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Q&A: Inside the ‘New Moon’ Soundtrack


Music supervisor for hit TV shows including Gossip Girl, Grey’s Anatomy, and Mad Men — along with the Twilight movie series — Alexandra Patsavas has quietly made herself one of the most influential figures in the industry, helping to break new bands and shape the aesthetics of popular drama.

With the indie-all-star New Moon soundtrack currently the No. 1 album in the country, Patsavas talked to about how the project came together, what makes for a good soundtrack moment, and which new bands you should watch out for.

How you go about something like New Moon, which features original songs from so many artists who don’t often appear in projects this high-profile?
The work starts as soon as the script is finished and distributed. Chris Weitz, the director, had a very specific point of view about how he wanted the music to feel. There’s a lot of separation and longing and loss in the movie; the bands and lyrics and sound and arrangements had to reflect that. Some folks, like Lykke Li, the Killers, Grizzly Bear, OK Go, and Anya Marina all came into the cutting room and sat with Chris to watch the movie and talk about their contributions. Other tracks were submitted with the movie in mind. I think it’s very difficult to succeed without any context.

A lot of people were surprised by Thom Yorke’s inclusion. How did that come about?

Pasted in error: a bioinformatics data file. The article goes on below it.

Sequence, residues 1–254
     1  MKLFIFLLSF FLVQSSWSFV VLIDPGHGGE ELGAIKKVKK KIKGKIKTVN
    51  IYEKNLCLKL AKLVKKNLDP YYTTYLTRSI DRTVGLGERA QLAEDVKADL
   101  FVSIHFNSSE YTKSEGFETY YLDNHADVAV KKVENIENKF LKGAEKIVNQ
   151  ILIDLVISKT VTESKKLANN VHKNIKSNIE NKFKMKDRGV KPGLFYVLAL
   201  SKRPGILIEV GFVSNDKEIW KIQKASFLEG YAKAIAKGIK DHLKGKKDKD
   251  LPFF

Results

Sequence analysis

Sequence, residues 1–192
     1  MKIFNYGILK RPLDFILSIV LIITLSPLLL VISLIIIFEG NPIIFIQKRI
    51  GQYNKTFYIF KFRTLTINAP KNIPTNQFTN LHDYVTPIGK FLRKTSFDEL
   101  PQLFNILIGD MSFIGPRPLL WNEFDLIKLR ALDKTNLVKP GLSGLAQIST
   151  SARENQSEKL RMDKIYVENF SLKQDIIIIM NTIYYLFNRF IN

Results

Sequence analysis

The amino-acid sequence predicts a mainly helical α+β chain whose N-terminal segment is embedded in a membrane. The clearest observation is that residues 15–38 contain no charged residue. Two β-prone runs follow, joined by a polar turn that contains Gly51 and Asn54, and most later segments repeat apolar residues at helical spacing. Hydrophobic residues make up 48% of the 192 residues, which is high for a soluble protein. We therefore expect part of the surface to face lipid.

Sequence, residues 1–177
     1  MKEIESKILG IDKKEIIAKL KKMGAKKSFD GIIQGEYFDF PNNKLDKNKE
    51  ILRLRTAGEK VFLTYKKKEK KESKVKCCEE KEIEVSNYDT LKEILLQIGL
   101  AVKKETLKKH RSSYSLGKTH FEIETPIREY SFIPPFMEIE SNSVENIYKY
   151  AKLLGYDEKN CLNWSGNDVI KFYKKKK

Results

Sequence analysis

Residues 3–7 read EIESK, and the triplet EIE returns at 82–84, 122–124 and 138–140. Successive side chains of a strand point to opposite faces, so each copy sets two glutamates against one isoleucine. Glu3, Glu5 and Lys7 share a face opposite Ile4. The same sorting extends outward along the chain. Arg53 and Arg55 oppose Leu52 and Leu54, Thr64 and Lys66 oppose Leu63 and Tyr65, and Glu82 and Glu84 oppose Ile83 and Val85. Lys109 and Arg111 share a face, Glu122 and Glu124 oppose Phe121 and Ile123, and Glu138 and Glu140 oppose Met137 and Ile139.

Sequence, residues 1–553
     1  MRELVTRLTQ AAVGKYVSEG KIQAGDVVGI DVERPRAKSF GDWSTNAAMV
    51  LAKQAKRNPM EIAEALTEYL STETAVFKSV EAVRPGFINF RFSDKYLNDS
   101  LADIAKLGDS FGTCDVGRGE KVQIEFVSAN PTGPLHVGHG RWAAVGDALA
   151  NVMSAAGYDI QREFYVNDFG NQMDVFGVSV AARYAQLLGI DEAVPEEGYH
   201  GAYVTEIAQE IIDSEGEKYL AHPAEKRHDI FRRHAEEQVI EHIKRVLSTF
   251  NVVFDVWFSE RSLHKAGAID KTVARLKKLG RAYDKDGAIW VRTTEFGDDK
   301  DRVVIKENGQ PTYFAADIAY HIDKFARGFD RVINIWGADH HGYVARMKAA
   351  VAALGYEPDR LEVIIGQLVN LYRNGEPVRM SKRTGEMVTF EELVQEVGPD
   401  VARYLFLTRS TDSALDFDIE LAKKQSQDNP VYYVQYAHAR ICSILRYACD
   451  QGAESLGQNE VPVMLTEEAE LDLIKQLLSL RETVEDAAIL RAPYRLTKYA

A Radiohead song [“15 Step”] played over the end titles of Twilight, so we had a relationship. I believe this is the first soundtrack he’s been on in a long time, so that’s exciting. A lot of bands were interested in submitting great material, which helps a lot.

It does seem like music that the characters would actually listen to, which is certainly not always the case in soundtrack tie-ins.
I think the music has to be inspired by the characters’ lives, but it’s not always just used as source material-it’s used to score as well. Chris used the Bon Iver/St. Vincent track [“Rosyln”] and Thom Yorke track [“Hearing Damage”] in spots that would have traditionally been scored. I grew up in Chicago in the ’70s and ’80s, so those John Hughes movies were important to me. He created a world but also cleverly introduced mainstream kids to non-mainstream kids.

What are some of your favorite music-related movie or TV moments?
Just to give you a John Hughes example, the end of Ferris Bueller’s Day Off [“Oh Yeah” by Yello]-genius. Hughes helped make me be adventurous. The final scene in Six Feet Under [“Breathe Me” by Sia], certainly-it was such a life-changing moment and my colleagues Gary Calamar and Thomas Golubic did such an amazing job with that show. I loved the Gossip Girl pilot, there’s a great mix of pop and rock bands from New York. I’m really proud of the on-cameras.

On Gossip Girl, the first ten episodes have included four on-camera performances: Sonic Youth re-recorded “Starpower” to fit a wedding scene and Thurston Moore and Jemina Pearl did the Ramones’ “Sheena Is a Punk Rocker.” That kind of stuff is really gratifying. Lady Gaga is upcoming playing a new song.

Is it sometimes tricky finding ways to incorporate performances like that into the show?
That’s the producers’ job-when it’s scripted, we get the call and start to work on it. We’re not leading the story.

What bands have you been listening to lately?
I like the new Air, David Guetta, Magic Bullets, Florence and the Machines, Fanfarlo, the Middle East.

Is it hard for you to separate a band you just enjoy listening to from one that you think could work for a specific scene in one of your projects?
Yeah, definitely. I listen to music two ways: As a person, you have an instinctive, personal, emotional response. But as a music supervisor, you have a secondary response, which is, “Will this sit well under dialogue?” “Can people die to this?” “Can people kiss to this?”